Should eSports Be Considered Sports?

By Nia C.

An eSport is a video game competition between two or more people. The E in eSport stands for electronic as these sports are usually played on an Xbox, Wii U, or PlayStation. These competitions are held worldwide and are free to view online at any time. They have been around since the 1980’s and have become increasingly popular over time. Many eSporters play Super Smash Bros, League of Legends, and Hearthstone. The most popular game, League of Legends, has over 100 million active players worldwide. Kuro Takhasomi aka KuroKy has earned over $2.8 million in prize money from tournaments. On average, most eSport winners earn over $1k in prize money, although it varies through games and tournaments.

In order to answer the question of whether eSports should be considered as a sport, we must first define what a sport is. According to Merriam Webster a sport is a competitive athletic game or activity. Now that we’ve analyzed what an eSport is we can now figure out if they fit into the category of sports.

eSports and chess are similar in how they fit into the category of sports. Although during chess there is minimal physical activity it is still a sport. The same goes for eSports. The International Olympic Committee and over 100 countries consider chess a sport. Even companies such as ESPN, Sports Illustrated, and even Forbes consider eSports as sports and cover them.

It’s time to look on the other side of things, why aren’t eSports a sport? Sports are an athletic activity but eSports are not. The definition of athletic is vigorous or active and eSports are the opposite of active. In basketball, a player gets to run around a court and shoot baskets while also blocking and passing. During eSports, a player sits on a chair and only moves their thumbs two inches. Although players must learn how to make around 300 movements per minute it is still only in one minuscule section of the body. Even in a sport such as swimming, there is exercise in the deltoids, hamstrings, and core. Thus, eSports are not sports because they do not fit the definition of athletic. But if one considers them as a sport that begs the question of if the “athletes” should be paid.

Many eSporters spend more hours training than athletes. On average, a college athlete spends 38 hours per week training or 5 hours per day. While most professional eSporters spend, on average, at least 50 hours per week practicing or 12-14 hours per day. eSporters can be considered even harder working than regular athletes or at the very least on the same level.

Compared to regular sports, far fewer people get hurt per year. 3.5 million people under 14 have a sport-related injury per year in the US alone. These injuries include ankle sprains, groin pull, knee injuries, and concussions. All of these injuries are extremely rare during eSports. In fact, the most frequent eSports injuries are just sores and pains in the wrist, elbow, shoulder, and thumb. These sores and pains are not nearly as serious as concussions and knee injuries which can permanently damage a human body. There are even some health benefits to eSports. Video games can relieve pain because of the endorphins released when they are played. Those endorphins boost your mood and numb discomfort. eSports are far safer and pose less of a risk than other, more active sports. Although there is less physical movement that doesn’t mean you’re immune to other conditions.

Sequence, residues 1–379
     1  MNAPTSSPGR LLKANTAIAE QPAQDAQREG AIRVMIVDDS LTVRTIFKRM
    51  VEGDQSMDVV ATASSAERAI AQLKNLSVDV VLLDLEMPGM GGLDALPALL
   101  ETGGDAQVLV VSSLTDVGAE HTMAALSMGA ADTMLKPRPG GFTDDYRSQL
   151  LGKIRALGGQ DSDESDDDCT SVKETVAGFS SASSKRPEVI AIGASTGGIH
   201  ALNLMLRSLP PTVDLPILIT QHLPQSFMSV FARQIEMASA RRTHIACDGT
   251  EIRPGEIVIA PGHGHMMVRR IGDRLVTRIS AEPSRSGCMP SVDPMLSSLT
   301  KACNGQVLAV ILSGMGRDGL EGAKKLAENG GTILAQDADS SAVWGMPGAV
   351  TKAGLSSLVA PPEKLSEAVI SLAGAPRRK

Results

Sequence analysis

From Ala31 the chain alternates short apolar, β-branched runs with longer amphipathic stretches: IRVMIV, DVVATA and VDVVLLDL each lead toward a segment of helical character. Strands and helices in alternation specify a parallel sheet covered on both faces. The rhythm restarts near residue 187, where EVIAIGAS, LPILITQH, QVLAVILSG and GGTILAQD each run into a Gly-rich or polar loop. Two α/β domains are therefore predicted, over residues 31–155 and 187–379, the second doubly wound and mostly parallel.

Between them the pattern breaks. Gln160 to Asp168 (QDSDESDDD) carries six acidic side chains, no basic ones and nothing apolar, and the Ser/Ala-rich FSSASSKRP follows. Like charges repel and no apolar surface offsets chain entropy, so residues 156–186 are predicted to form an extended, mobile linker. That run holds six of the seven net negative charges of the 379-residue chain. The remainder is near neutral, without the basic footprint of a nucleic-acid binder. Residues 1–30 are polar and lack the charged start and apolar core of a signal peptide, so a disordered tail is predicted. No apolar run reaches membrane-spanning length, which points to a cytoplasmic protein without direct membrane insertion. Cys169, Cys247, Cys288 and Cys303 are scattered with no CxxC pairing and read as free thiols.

eSports have more long-lasting injuries than regular sports. The effect of blue light on eyes is detrimental to our health. Blue light causes digital eye strain and retina damage. When you have digital eye strain there have been reports of having trouble focusing and sore irritated eyes. There is also a greater risk of depression, certain types of cancer, obesity, and heart disease. Rich Stanton, the author of “The secret to eSports athletes’ success? Lots — and lots — of practice,” says that “Physical ailments like deep vein thrombosis, carpal tunnel or back strains can be common, a result of a mostly sedentary lifestyle and the demanding schedule.” eSports pose even worse health risks than regular sports if gamers aren’t cautious and take a break every 20 minutes or so. However, it is also much more accessible for the physically disabled or mentally ill. There is no right or wrong answer to these questions.

According to the Video Game Cartel, “People that have given up on their dream will never understand yours”. Whether you consider eSports as a sport or not what is important are the details. Esports should be more widely accepted by others as a Sport. It fits the definition of what a sport is and has many different health benefits and advantages.

Student Bio

Nia C.

2018 Summer Program
2022 Virtual Winter Workshop

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